A tomato comes back home

The return to its native land of an historic tomato variety developed by the famous wheat breeder Nazareno Strampelli is making a splash in Italy. Originally published in the rather specialized organ L’Iformatore Agrario, the news has now been picked up by the more mainstream media, at least regionally.

The tomato variety Varrone, bred by the Italian geneticist Nazareno Strampelli (1866-1942) sometime in the late 1910s.
The tomato variety Varrone, bred by the Italian geneticist Nazareno Strampelli (1866-1942) some time in the late 1910s, lost, and now found. In Russia.

What’s particularly interesting to us here is that Varrone, as the variety is called, was eventually found in the genebank of the Vavilov Institute, in St Petersburg, Russia.

“It is a small tribute to the memory of Strampelli on his 150th birthday: from tomorrow it will be possible to eat spaghetti Cappelli-Varrone, 100% Strampelli, not only for the durum wheat but also for the tomato sauce,” says Roberto Papa, professor of agricultural genetics at the Universit√† Politecnica delle Marche, who coordinated the research in collaboration with Sergio Salvi, biologist and biographer of Strampelli, and Giovanna Attene professor of agricultural genetics at the Universit√† di Sassari.

The durum wheat variety Senatore Cappelli was also bred by Strampelli in the 1910s, and remained popular for decades. I’m sure Strampelli would have been pleased that his tomato has been found. Not so sure what he would have thought about losing it in the first place.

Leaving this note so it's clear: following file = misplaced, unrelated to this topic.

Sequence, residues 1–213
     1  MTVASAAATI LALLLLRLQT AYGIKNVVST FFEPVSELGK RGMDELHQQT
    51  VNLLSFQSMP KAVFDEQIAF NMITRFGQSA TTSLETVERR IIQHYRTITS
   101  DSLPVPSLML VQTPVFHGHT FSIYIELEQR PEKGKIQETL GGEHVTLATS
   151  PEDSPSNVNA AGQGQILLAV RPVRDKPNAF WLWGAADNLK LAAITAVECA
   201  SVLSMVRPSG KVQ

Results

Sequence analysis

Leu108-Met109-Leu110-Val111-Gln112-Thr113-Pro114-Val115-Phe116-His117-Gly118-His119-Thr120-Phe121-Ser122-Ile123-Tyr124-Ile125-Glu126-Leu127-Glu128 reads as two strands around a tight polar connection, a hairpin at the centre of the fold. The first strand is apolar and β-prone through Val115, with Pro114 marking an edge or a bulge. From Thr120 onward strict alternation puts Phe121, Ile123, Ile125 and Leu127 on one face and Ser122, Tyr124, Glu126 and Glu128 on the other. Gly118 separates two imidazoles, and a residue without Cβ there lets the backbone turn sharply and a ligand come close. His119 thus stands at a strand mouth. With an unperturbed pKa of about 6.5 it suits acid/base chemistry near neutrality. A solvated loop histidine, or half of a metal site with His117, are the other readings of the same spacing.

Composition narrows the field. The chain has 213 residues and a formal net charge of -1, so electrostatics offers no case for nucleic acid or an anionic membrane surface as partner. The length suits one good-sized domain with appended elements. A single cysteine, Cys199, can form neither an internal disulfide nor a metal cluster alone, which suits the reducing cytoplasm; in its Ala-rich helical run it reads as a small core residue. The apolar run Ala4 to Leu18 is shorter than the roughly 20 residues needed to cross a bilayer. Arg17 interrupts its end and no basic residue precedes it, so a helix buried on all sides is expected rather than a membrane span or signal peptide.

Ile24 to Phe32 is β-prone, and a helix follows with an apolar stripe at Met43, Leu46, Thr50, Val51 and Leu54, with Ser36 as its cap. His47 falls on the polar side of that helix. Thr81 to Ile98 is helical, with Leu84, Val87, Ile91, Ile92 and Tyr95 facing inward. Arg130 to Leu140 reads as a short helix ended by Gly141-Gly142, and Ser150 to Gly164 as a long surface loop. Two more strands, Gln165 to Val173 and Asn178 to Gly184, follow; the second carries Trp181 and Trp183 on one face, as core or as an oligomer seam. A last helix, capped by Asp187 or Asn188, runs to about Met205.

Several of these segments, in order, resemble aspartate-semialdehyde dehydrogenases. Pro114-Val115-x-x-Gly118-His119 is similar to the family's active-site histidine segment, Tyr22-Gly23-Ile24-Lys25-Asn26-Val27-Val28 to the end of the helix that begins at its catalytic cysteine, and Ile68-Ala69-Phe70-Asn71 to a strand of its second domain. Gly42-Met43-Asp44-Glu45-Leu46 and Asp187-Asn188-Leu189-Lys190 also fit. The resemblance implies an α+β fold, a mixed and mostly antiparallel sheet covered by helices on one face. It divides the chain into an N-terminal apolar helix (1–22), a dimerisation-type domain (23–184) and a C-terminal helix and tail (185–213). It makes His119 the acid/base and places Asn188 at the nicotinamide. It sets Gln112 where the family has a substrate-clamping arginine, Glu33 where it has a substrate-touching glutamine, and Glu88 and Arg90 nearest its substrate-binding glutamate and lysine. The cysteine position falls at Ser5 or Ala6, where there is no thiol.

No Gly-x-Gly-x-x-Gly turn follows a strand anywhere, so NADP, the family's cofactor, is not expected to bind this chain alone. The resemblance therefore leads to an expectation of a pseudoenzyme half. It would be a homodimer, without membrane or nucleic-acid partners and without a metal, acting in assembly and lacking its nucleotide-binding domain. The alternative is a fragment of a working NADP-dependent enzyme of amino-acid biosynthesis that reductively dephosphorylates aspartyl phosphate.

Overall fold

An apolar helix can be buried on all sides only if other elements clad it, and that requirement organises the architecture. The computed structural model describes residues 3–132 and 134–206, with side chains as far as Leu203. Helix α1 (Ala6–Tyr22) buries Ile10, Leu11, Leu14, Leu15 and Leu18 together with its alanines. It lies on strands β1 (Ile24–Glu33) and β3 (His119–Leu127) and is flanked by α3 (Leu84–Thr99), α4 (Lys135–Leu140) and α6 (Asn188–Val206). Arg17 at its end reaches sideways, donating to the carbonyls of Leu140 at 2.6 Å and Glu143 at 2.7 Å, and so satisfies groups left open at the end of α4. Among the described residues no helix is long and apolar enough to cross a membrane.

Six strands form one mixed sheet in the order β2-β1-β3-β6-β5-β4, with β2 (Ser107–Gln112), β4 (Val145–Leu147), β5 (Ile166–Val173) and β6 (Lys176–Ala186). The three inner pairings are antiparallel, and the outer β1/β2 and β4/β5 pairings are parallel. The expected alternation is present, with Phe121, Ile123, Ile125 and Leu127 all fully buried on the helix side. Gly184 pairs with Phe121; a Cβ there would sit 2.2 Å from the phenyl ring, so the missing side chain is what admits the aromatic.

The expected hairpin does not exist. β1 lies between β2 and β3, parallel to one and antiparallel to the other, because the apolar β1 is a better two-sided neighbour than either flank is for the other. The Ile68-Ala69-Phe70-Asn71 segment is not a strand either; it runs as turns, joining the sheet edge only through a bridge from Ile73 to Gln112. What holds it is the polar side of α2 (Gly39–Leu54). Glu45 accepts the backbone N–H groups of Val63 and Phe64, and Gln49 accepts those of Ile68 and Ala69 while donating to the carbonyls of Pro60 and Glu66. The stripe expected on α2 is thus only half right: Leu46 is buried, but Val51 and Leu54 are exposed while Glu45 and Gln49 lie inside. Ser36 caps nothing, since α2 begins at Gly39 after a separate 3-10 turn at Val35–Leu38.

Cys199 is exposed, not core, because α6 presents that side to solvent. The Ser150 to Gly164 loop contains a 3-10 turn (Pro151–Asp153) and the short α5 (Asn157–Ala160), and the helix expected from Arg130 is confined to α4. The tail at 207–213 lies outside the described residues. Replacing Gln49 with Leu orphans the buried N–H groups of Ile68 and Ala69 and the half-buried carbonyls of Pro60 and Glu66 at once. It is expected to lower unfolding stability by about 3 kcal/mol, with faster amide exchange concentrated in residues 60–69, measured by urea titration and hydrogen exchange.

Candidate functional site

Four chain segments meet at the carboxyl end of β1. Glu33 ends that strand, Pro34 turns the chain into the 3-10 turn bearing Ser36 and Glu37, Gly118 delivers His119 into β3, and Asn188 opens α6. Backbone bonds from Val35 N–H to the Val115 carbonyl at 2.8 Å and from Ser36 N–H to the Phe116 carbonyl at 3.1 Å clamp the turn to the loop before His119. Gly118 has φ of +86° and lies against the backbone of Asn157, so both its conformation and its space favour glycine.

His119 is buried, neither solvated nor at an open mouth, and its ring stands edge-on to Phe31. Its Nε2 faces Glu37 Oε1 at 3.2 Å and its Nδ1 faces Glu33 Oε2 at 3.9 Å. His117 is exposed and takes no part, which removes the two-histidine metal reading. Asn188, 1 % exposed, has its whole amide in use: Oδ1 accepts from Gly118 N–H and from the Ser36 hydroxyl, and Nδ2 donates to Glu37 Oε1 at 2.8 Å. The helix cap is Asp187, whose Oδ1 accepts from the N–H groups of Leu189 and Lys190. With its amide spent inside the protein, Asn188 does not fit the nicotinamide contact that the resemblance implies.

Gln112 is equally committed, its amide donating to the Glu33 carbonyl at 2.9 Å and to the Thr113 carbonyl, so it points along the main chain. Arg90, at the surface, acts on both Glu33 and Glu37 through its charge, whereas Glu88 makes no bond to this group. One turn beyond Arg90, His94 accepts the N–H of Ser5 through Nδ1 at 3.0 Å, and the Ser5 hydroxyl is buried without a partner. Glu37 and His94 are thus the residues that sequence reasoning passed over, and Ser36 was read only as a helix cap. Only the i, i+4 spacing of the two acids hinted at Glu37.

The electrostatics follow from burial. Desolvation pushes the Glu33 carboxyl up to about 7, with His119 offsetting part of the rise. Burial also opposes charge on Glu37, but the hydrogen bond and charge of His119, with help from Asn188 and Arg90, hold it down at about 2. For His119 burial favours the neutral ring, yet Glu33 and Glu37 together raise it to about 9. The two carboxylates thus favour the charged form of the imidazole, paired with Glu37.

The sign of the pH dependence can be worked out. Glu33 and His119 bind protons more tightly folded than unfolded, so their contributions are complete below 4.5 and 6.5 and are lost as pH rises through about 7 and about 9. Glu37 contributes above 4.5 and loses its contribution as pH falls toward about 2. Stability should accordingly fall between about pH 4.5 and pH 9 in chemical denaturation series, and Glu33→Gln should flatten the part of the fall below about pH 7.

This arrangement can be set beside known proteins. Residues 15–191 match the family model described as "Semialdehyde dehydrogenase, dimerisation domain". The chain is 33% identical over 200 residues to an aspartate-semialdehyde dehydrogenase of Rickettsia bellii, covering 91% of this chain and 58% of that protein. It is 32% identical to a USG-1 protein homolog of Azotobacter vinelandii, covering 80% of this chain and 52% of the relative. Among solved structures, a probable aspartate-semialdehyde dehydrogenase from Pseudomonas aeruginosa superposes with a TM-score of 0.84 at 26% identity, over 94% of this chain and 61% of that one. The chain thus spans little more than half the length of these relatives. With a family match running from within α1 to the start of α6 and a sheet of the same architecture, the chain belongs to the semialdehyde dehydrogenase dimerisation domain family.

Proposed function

4 Replies to “A tomato comes back home”

  1. There are three Varrone wheat samples in the USDA PI system but not, apparently, the tomato.
    A. Brandolini and P. Vaccino. 2012. A glimpse into the past: Strampelli’s bread wheats legacy. Genet Res Crop Evol 59:839-850.

  2. Yes, “Varrone” the tomato is not even in VIR’s own database. It was found by consulting the curator of VIR’s vegetable collection directly. One of those things that has me cursing Genebank Database Hell. But, on the other hand, they did find it in the end.

  3. To Luigi: Varrone tomato IS in the VIR database, it is the accession No. 178 of the genus Lycopersicon and it was found firstly by consulting the database. After found it, a seed sample was requested to VIR.
    Sergio Salvi

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